The idle ramblings of a Jack of some trades, Master of none

Jan 11, 2008

Wenamun the Traveller

Thirty-one centuries ago, a Theban man named Wenamun made a trip on behalf of his priestly masters to the Levant. He was to obtain cedar logs in Lebanon for the construction of the barge of Amun. En route, he was robbed and he had to throw himself at the mercy of the ruler of Byblos.
"...while the god was resting in his tent by the shore of the sea. I found the ruler sitting in his upper room, with his back turned to a window, and the waves of the great Syrian sea were beating behind his head."
The king refused to release the goods Wenamun wanted, demanding - contrary to tradition - payment for them. Wenamun had to wait a long while for funds to arrive from his temple, and meanwhile pirates came looking for him, and he grew steadily more and more despondent, despairing that the wishes of the great god Amun-Ra were being unfulfilled. Filled with sorrow at being far from his home, he lamented:
"I sat there weeping. And the scribe of the ruler came out and asked, "What is the matter?" I said to him, "Can't you see the wading birds who are returning for a second time to Egypt? Look at them; they are heading for the cool pools. How long shall I be here, abandoned?"
Wenamun seems to have lived an Indiana Jones-like adventure, ending up washed up on the shores of Cyprus where he is tended to by a queen. As John Ray points out feelingly in his lovely little book, The Rosetta Stone and the Rebirth of Ancient Egypt, ancient Egyptian is worth learning just for this little tale.

By the time this story was written, the Egyptian language had freed itself from the strict word order and verbal declension forms (reminiscent of Latin) of its older version, and become more loose and flowing. Wenamun, writing around 1070 BC, wrote in the hieratic variety of the language. The truly wonderful thing about this all is that we are now in a position to chart almost the entire history and evolution of the Pharaonic language across a period of 3400 years. By far, this was the longest unbroken use of a language, longer than either Greek or Chinese. And we owe this treasure chiefly to two men, Thomas Young and (more importantly) Jean-François Champollion, and the otherwise utterly unremarkable Rosetta Stone.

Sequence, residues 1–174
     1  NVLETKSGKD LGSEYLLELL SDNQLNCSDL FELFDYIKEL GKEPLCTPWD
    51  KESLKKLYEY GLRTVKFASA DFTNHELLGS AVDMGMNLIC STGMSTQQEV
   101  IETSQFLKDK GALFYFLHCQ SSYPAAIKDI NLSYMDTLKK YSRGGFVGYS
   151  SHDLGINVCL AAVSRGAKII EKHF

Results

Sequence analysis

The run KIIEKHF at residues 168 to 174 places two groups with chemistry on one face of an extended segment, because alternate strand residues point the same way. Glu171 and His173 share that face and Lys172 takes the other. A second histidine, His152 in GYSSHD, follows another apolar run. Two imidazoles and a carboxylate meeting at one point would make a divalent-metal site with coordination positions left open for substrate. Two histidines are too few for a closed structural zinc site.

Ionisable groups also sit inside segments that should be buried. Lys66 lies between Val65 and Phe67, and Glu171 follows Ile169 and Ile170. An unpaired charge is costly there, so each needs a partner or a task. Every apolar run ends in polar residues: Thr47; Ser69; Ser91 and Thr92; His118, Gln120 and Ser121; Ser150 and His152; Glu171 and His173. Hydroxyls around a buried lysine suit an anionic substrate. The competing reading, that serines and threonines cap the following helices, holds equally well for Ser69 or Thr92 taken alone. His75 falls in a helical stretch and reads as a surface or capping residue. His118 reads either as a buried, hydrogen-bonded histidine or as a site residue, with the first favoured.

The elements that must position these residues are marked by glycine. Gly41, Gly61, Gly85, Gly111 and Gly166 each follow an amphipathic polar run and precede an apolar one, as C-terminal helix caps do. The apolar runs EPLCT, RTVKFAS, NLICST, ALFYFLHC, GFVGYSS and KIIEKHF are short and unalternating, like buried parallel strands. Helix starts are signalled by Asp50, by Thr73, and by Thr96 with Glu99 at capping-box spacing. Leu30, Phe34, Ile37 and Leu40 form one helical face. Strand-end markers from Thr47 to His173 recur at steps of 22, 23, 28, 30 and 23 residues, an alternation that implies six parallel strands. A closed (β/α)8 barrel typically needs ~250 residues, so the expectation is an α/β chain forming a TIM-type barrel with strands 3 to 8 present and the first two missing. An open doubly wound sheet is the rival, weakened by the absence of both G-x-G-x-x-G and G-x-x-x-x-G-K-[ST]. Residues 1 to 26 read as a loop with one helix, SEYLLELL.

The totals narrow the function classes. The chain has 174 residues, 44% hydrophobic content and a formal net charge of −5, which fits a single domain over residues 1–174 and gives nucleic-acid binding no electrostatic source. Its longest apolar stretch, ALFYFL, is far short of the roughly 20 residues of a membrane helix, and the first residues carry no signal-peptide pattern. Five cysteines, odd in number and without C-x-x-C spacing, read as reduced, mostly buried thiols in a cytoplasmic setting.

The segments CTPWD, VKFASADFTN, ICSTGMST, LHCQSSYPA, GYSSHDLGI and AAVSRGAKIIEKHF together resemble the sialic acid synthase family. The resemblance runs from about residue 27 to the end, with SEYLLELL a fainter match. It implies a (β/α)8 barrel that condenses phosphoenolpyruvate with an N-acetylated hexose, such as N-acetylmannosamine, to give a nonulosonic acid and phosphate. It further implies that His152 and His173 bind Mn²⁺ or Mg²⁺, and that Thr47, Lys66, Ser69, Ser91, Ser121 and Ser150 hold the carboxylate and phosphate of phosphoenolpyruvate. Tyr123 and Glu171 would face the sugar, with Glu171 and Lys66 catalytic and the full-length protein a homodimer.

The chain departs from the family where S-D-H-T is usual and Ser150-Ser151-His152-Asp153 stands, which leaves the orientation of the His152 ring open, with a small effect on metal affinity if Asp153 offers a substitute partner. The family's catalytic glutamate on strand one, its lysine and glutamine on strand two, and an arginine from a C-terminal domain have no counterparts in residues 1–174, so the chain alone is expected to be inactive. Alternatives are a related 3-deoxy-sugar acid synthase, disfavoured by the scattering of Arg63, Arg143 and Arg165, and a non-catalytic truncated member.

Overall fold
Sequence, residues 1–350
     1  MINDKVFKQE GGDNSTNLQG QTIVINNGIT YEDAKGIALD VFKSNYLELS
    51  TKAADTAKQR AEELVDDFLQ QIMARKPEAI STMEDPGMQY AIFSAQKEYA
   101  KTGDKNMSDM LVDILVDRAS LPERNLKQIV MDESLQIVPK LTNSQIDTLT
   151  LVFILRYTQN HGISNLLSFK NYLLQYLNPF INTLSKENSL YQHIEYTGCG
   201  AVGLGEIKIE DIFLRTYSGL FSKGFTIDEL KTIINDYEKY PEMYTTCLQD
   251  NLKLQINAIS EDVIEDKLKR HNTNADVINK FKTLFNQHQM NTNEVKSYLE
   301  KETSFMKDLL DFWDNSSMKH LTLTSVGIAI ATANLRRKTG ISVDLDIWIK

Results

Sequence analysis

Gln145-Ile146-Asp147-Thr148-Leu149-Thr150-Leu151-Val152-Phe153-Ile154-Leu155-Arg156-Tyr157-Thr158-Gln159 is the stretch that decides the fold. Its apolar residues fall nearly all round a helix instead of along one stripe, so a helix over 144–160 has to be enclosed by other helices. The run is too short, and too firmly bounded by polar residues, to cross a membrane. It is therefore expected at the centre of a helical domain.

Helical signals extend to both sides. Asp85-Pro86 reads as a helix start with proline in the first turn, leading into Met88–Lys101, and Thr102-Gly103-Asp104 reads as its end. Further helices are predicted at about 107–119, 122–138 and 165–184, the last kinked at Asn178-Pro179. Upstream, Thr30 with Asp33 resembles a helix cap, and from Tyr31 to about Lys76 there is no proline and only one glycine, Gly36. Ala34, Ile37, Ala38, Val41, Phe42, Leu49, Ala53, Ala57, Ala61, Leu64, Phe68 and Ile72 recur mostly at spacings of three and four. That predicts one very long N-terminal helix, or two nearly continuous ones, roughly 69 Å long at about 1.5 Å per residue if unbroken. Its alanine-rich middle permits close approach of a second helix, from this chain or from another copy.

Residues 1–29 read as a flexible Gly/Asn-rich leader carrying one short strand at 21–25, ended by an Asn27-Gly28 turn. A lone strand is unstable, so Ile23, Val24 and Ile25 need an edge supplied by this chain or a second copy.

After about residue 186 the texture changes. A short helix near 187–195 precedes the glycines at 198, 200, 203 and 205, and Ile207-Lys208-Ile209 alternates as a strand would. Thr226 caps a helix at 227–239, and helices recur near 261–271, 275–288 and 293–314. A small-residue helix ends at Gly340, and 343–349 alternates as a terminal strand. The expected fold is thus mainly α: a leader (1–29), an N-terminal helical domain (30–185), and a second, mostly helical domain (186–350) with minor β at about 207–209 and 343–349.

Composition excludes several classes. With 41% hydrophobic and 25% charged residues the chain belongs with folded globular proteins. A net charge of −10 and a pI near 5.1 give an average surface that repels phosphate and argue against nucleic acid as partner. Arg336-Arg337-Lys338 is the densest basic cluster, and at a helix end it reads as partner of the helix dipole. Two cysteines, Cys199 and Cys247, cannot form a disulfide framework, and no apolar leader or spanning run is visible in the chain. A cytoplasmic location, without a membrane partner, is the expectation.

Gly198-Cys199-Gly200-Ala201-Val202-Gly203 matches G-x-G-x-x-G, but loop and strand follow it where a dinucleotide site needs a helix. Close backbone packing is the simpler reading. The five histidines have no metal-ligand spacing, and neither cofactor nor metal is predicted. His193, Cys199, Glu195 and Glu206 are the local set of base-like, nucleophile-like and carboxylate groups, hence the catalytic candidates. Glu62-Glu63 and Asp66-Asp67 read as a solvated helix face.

John Ray's book is one in a series - Wonders of the World2 - of delightful little treatises on the world's famous monuments. He covers in short, pithy chapters, the essence of Egyptology, the story of the discovery of the stone, the Franco-English battles for intellectual (and imperial) domination, the immense progress made by Thomas Young, and the brilliant breakthroughs of Champollion. He describes other wondrous discoveries made of the culture of the Egyptians, truly remarkable stories preserved across time. He happily points out that there is still much to be learnt about the languages of that ancient civilisation. Egyptology is far from dead, and this learned little book serves up a heady brew of intellectual and aesthetic simulation.


1. John Sturrock, Key words: unlocking lost languages. The Guardian. September 17, 2002.
2. BLDG BLOG, The Wonders of the World: An Interview with Mary Beard


Post a Comment